It was tough, I mean the mud was one thing but just that constant little mist on the goggles was just screwed them. I came in for goggles both motos and honestly in the end, some of the guys did and some of the guys didn’t, if they lasted you a couple of laps, they lasted you a couple laps and in my mind I’m thinking just be cautious and get a set of goggles. But then a set of goggles last you a lap or two and then you have to re-pass the guys that you were in front of. So then you have to think, was it really worth it? It was really tough in that aspect but honestly, I think that everybody was in the same boat for that. I mean a couple of top guys who got out front early might not have had the same problems. It was wild, everybody had their goggles off and I mean even after a couple of interviews with Osbourne he was like, “I blinked and I had a rock hit my eye lid”. I thought that was wild and it was the same for me. There were moments when I would just get peppered in the face with rocks and dirt and you’re like, “Man is this worth it?” But in the back of your mind your like, “I’ve got to give everything for my country right now.” We came a long ways and you do your best to kind of ride that fine line of “I don’t need a rock in the eye but let’s try to pass this guy in some different lines”.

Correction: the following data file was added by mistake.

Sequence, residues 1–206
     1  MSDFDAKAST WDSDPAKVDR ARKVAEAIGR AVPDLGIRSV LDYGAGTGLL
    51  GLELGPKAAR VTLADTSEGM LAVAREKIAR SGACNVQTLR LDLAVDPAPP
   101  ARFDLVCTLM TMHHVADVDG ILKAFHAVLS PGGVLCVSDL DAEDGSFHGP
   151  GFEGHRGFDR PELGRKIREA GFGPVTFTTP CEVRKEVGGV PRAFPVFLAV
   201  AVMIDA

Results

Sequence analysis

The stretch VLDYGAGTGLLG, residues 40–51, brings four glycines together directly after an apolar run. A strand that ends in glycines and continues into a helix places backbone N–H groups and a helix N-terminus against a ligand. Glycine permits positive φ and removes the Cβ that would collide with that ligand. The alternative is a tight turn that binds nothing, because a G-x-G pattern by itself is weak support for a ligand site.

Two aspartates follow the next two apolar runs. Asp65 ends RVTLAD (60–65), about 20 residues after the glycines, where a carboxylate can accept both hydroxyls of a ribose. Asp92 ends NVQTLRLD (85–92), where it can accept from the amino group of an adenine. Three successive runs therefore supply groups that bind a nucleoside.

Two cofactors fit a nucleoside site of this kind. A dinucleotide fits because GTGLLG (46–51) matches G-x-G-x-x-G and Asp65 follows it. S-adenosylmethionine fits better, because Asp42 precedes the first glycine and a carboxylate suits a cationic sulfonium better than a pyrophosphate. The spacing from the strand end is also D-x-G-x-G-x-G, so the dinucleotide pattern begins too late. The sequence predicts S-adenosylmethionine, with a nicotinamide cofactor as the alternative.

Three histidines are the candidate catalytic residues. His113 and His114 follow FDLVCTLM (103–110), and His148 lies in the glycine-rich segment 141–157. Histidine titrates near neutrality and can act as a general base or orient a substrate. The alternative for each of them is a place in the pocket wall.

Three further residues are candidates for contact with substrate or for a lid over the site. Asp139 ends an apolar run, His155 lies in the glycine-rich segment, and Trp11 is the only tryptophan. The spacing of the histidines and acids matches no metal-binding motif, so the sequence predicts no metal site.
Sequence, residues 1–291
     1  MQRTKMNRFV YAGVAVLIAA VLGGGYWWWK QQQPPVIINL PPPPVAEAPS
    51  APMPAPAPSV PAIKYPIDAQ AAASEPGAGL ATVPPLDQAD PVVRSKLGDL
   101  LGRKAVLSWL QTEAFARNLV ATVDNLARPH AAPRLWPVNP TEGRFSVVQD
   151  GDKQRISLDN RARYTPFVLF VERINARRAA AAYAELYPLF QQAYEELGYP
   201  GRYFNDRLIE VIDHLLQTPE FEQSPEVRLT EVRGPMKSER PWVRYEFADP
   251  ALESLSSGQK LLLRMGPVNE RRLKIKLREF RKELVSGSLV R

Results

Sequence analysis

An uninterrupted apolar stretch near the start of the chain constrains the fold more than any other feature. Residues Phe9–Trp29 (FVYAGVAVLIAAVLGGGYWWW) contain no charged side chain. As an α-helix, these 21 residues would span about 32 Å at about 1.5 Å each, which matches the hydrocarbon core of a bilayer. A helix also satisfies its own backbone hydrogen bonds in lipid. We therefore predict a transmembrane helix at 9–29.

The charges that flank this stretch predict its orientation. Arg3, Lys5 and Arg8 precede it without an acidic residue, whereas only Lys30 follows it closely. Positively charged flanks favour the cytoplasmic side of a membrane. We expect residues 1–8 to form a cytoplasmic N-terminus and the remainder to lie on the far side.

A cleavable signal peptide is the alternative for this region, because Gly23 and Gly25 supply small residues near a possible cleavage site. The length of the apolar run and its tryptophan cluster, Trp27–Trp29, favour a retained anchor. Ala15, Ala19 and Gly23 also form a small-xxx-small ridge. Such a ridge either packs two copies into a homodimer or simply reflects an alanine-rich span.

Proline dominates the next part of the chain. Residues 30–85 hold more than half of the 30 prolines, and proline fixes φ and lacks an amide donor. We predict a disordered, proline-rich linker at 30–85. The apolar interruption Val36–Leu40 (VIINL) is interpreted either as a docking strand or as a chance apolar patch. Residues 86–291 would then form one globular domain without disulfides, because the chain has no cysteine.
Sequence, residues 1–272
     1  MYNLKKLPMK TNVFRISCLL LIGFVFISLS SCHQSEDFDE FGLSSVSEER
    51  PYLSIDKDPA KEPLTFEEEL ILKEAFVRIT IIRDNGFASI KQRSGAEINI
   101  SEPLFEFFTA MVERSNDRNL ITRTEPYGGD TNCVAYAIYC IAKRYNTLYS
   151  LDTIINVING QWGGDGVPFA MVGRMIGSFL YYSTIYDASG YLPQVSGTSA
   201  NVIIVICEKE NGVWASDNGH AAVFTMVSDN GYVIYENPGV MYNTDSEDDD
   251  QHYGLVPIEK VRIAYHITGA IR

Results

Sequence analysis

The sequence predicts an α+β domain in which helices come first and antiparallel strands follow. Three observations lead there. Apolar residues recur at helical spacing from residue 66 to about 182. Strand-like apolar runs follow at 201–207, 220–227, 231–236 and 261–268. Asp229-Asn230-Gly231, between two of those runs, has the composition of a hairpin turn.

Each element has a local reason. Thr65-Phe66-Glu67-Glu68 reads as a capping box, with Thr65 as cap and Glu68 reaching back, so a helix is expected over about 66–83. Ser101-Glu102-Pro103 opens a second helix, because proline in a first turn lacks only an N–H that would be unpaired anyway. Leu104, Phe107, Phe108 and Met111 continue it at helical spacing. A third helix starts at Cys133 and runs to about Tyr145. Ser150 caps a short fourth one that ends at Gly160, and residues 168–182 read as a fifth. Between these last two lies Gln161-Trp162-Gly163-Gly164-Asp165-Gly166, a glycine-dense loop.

…Or you end up with somebody like Covington on top of you! What the heck happened there?
I kind of got a crappy start in that moto so I was in the back and I was just kind of pushing through a couple guys in the first lap and I come over this mound and he’s actually facing backwards on the track and I was like, “Man I have nowhere to go!” and I just ran right into the side of him. I mean I don’t think he was mad at me. I wasn’t really mad at him but he was stuck on top of me so I had to actually lift his bike off my bike before we could get going again.
What was the team dynamic in the Canadian paddock like?
It was good. I mean I don’t have to race against Colton or Tyler all summer so for me to get along with those guys is really easy. If anything, I talk to them all summer long to make sure I’m gaining stuff from my racing end. It was good. Even Colt and Tyler got along really well. We’re all very like-minded and we all wanted to help each other. It wasn’t, “Oh you’re on a Honda or a Yamaha”, you’re there to represent Canada. It was cool in that aspect. I had my motor guy there and he was willing to give advice to everybody else and even Digger was there and he was helping me just as much as he was helping Colton. So yeah, it was a really cool atmosphere as far as that goes.
Well that’s really how it should be. So you really have to be there to experience the whole thing in person with the fans. Did you have much opportunity to interact with the fans?
As much as you do, I don’t think Canada gets a lot of fans to come by versus Herlings or Carioli they walk through the pits and they are like superstars and have kids running after them. I’m walking out beside them and there’s no one after us but a lot more people have more respect for us after what we’ve done in the last couple of years. I think slowly we are kind of growing that fan base in Europe.